For this industry study, a list of potential barriers to UD was reviewed with each of the industry partners. The industry partners were asked to comment on their experiences and to report methods, if any, that were used to overcome the barriers. The purpose of the study was to build upon the findings of the TIDE program by reviewing an extensive list of accessibility barriers with E&IT companies competing in the U.S. market. The following barriers were common to most of the companies participating in the industry study:

                                                               

                                                               

                                                               

                                                               

                                                               

                                                               

                                                               

                                                               

                                                               

                                                               

                                                               

                                                               

                                                               

                                                               

                                                               

                                                               

                                                               

                                                               

                                                               

                                                               

                                                              • Section 508 is either not being adhered to or is being adhered to inconsistently.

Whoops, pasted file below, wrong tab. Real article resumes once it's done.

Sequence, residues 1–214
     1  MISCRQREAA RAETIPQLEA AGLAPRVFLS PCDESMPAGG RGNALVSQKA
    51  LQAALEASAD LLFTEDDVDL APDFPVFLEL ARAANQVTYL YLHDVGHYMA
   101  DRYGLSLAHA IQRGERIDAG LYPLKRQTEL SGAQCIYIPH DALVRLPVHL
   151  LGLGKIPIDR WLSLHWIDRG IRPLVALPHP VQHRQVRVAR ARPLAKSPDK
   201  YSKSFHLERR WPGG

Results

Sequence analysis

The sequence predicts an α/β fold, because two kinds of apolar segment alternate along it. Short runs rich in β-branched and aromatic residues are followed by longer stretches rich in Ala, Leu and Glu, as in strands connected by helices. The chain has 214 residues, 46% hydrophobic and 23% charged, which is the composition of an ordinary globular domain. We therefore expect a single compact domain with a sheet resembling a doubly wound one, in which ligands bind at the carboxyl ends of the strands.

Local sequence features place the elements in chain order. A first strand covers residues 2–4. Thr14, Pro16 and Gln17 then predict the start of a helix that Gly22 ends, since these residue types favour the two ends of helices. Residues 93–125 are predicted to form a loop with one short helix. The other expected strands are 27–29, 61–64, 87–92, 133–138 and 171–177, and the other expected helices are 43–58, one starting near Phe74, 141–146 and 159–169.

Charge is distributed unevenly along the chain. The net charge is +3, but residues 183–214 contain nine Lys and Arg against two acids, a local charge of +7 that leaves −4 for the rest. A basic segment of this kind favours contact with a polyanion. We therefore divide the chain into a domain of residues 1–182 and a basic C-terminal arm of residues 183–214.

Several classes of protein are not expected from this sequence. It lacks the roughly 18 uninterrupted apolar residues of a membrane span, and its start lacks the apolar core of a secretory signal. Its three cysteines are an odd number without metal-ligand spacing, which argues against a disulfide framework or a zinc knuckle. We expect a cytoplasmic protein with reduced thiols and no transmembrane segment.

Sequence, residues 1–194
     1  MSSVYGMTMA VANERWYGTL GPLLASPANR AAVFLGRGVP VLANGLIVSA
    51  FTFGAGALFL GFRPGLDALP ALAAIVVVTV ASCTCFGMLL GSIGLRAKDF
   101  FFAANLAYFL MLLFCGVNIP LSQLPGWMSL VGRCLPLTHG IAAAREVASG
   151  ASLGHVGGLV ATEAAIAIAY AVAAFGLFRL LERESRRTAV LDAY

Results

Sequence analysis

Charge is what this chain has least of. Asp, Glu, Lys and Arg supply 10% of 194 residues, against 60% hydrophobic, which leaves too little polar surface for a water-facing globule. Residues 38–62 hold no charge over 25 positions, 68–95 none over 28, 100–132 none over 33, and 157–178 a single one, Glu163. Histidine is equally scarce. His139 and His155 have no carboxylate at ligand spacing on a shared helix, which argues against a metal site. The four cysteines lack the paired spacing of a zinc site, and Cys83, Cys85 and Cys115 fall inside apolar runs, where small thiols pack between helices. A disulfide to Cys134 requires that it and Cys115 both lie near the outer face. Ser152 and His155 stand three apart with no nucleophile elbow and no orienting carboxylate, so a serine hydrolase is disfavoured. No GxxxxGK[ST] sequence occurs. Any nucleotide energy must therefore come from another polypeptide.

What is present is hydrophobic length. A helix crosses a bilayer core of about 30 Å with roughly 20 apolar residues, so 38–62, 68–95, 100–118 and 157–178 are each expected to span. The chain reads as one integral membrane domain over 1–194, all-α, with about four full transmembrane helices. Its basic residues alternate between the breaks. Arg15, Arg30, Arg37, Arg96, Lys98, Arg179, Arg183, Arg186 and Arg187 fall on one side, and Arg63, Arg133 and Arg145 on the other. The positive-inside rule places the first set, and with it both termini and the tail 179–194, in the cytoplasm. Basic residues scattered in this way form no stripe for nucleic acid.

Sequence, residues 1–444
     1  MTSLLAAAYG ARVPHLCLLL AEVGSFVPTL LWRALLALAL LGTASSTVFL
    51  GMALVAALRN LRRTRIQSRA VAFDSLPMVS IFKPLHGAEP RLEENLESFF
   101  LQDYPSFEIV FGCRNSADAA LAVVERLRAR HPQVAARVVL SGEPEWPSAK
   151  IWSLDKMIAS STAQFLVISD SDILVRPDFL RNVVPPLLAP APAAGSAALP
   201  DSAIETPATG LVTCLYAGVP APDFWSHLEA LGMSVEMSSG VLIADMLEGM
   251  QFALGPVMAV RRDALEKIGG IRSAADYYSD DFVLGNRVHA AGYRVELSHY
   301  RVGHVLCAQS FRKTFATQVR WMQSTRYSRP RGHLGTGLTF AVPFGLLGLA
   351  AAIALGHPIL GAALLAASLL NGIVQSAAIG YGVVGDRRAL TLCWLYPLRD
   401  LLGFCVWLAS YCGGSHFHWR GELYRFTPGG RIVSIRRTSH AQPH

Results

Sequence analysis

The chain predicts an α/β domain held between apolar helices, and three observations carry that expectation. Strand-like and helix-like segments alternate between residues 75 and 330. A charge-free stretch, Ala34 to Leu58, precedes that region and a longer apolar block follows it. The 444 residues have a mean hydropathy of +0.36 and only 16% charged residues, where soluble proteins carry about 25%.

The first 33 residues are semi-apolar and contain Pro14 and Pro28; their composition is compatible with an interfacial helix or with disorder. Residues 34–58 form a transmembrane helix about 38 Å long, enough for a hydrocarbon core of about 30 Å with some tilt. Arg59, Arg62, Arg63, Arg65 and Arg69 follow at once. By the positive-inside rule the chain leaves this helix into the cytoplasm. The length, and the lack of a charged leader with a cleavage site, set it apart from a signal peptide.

• Some people feel that the business case for UD and accessibility is weak.
                                                              • A standard accessible design process has not been documented, tested, or verified.
                                                              • There is a lack of realistic standards, guidelines, and principles for accessible design.
                                                              • There is no standardized method of measuring accessibility or comparing the accessibility of two similar products.
                                                              • Many feel that there is no clear definition of how accessible a product has to be to be considered an accessible design.
                                                              • Often there is a lack of communication across departments regarding accessibility requirements.
                                                              • Many companies lack accessibility champions who are in a position to influence company decisions.
                                                              • Middle management often perceives accessible design to be in direct conflict with schedule and budget requirements.
                                                              • Individuals with disabilities are not integrated into the design or evaluation processes.